Review by fghtita

"A great game... but nothing on FF7"

It was with sweating hands and a heart pounding my ribcage with anticipation that I put FF8 into my PSX and closed the lid.
The ever-present and exceptionally beautiful intro rolled over the screen, and I had the thought that I was in for the game that was to beat FF7.
Sadly, I was thinking wrongfully. FF8 does NOT beat FF7 on anything but the graphic side.
The game was great, quite great, do not get me wrong, but it lacks on a lot of sides that the previous games did not.

The graphics are a great improvement over FF7. The sprites now look like actual people, as opposed to the tri dimensional stickmen of the previous game. The Full Motion Videos (FMVs) are also far more beautiful than FF7. It is in battle that the numerous minuses appear. In battle, the backgrounds lack a serious bit of anti aliasing. Often you can see HUGE outlines on the mountains and objects, and many things, like Squall's Gunblades for an instance, are completely flat and rendered more in 2D than 3D.

All in all: An improvement with room for improvement on the graphic side.

This is a strange one to rate. The system for magic and equipment is very much different from other FF-games. You junction magic to stats and weapons to obtain more power. This is a very unusual little system, and is seen by some as betrayal against the FF series. I merely see it as a good idea with flaws.

One of the flaws in the idea is that it is possible to get horribly over powered characters in the very beginning of the game, and that takes away a lot of the fun of battles.

The battles work as usual, one of the differences from the previous games is that when you summon the ''GF'' (Guardian Force), it takes a short amount of time to finish the summoning, depending on the summoning character's compatibility with the GF. During this interval, the GF takes damage to it's own HP. If the GF is knocked out, the summoning is cancelled. The problem with summoning is that you can breeze through most battles by just summoning over and over again. This also takes away a lot of fun.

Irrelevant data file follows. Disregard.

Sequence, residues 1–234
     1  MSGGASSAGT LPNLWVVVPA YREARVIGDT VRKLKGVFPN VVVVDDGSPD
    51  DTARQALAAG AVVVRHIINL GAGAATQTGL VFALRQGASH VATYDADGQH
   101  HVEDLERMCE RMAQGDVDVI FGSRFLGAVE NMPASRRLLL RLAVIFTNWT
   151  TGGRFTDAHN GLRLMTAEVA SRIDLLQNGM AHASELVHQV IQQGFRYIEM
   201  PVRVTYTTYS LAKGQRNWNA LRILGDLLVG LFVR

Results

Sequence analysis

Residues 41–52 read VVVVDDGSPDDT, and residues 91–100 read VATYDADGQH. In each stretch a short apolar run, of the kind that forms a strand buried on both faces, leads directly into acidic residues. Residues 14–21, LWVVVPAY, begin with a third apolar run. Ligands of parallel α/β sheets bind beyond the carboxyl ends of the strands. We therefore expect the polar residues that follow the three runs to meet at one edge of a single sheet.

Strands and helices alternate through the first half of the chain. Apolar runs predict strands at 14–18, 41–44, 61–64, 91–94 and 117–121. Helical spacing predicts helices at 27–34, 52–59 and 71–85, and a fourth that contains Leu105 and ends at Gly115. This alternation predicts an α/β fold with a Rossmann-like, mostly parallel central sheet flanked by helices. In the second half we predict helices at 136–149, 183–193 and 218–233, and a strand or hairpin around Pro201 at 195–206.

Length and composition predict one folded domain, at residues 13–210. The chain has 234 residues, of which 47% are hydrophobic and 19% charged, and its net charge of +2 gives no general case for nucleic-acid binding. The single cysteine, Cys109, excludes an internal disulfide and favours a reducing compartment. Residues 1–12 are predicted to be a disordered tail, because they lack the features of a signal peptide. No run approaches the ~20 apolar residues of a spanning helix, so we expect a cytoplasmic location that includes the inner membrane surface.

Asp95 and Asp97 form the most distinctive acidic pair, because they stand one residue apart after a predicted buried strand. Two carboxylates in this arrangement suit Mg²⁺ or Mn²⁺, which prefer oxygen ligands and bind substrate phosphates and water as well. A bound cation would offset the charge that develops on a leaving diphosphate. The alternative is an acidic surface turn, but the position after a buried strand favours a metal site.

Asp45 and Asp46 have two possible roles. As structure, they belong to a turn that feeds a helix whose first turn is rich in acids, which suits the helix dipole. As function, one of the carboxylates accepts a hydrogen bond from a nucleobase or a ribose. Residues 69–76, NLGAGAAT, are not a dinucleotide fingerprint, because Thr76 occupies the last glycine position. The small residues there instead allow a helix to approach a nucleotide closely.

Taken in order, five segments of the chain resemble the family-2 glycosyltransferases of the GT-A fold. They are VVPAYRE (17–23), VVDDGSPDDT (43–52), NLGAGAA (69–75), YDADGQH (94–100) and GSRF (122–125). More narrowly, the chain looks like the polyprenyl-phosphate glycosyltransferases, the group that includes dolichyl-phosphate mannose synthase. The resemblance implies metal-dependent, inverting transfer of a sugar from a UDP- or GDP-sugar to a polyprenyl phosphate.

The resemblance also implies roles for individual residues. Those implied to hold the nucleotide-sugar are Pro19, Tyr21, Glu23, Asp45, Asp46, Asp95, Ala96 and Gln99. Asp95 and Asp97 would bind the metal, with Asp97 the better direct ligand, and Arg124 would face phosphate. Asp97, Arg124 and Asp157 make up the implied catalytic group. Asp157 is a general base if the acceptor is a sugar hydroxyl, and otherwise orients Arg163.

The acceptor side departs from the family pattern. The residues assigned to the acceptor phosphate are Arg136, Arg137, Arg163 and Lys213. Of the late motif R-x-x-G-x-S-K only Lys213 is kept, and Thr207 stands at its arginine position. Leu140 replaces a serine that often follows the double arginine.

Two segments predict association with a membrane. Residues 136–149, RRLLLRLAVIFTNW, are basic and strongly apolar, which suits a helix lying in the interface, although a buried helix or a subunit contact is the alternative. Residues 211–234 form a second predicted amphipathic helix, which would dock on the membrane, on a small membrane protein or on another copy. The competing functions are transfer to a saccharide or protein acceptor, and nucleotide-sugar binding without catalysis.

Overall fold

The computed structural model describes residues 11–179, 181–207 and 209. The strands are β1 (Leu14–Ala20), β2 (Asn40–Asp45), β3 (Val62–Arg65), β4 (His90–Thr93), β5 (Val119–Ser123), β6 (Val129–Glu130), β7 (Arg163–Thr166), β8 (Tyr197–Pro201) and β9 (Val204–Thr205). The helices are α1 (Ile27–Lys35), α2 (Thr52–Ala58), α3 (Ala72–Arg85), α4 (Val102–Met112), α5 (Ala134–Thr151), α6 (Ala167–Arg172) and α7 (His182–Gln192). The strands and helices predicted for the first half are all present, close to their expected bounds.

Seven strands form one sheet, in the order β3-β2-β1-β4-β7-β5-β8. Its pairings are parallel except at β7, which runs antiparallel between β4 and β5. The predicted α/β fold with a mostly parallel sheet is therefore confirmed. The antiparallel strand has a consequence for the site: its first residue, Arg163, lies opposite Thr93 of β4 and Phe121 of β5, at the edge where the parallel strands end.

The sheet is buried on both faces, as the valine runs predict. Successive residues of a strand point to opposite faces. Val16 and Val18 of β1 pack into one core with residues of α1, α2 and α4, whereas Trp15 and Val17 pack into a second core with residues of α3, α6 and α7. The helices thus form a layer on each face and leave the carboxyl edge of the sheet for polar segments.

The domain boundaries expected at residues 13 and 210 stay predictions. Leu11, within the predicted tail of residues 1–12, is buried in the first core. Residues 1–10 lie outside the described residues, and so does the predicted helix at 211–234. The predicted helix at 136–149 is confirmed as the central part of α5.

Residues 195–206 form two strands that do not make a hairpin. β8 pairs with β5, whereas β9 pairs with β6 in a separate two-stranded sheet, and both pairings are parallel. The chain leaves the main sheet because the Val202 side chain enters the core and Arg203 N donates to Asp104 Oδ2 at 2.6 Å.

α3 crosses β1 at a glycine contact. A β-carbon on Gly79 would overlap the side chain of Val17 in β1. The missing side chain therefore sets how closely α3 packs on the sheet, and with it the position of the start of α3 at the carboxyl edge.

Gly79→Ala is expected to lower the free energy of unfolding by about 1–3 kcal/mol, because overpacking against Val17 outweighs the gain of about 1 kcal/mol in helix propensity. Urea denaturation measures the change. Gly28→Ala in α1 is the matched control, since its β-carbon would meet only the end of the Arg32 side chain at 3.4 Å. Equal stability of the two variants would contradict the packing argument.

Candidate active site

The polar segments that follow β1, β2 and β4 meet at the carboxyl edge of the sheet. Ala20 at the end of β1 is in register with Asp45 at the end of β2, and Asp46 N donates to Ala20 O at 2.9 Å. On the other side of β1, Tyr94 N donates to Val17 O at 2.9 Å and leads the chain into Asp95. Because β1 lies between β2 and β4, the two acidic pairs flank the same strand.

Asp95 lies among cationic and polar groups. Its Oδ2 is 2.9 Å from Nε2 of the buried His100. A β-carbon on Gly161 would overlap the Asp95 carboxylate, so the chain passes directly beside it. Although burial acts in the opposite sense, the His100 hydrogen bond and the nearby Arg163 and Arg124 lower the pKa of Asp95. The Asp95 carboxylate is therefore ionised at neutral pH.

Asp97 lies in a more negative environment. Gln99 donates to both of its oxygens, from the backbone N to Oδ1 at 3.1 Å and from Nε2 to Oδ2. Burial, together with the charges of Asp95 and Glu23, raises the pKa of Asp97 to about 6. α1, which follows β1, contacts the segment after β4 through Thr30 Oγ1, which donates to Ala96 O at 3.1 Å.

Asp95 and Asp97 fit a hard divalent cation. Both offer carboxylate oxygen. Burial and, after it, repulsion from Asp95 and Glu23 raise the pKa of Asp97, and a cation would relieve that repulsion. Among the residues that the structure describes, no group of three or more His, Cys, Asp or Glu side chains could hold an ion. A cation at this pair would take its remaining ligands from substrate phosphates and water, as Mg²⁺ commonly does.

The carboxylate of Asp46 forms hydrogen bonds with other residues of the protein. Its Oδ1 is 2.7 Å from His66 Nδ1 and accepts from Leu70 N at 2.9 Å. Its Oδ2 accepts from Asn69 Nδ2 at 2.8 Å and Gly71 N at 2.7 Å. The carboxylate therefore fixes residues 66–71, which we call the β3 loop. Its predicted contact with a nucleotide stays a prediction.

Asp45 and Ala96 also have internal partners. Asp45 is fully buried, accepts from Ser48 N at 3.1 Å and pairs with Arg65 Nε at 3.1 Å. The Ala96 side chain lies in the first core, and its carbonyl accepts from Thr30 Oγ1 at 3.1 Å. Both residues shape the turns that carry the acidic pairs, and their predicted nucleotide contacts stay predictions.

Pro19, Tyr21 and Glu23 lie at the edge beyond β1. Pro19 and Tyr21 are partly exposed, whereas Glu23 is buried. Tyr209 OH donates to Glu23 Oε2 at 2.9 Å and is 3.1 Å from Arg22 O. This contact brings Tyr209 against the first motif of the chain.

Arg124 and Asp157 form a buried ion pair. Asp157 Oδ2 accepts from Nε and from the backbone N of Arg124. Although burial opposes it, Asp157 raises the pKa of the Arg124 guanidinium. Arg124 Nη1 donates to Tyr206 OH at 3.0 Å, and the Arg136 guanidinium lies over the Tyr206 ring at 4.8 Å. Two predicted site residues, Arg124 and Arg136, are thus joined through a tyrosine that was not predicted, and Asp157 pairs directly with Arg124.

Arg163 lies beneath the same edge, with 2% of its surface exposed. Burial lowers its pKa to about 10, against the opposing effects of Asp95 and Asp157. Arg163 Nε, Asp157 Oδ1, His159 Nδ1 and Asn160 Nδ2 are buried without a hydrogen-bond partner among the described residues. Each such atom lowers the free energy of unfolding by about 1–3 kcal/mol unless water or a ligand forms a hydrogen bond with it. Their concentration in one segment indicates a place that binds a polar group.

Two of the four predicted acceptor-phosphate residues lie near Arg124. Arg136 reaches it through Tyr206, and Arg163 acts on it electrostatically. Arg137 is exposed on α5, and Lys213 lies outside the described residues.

Another minus is that magic has very little usefulness, as casting magic that is junctioned to stats will lower those stats. And usually, you will want to junction your most powerful magic to your stats.

Also on the magic note, magic is ''drawn'' from different monsters (GFs are too, sometimes), and it comes in quantities. As such, MP has disappeared. You can obtain 100 of each spell.

On abilities... these are learned by the GF and passed on to whoever has the GF junctioned. Therefore, without a GF, your only command in battle will be ATTACK. Even the ITEM command must be learned by the GF. Fortunately, the GF comes equipped with the necessary commands to begin the game.

After each battle, the GF earns a few Ability Points (AP), which are used to learn whatever ability the GF is currently learning. This system is not ver much unlike the Materia System of FF7, or the Esper System of FF6, only it is absolutely crucial to gameplay, where Materia and Espers were actually optional to victory in the previously mentioned games.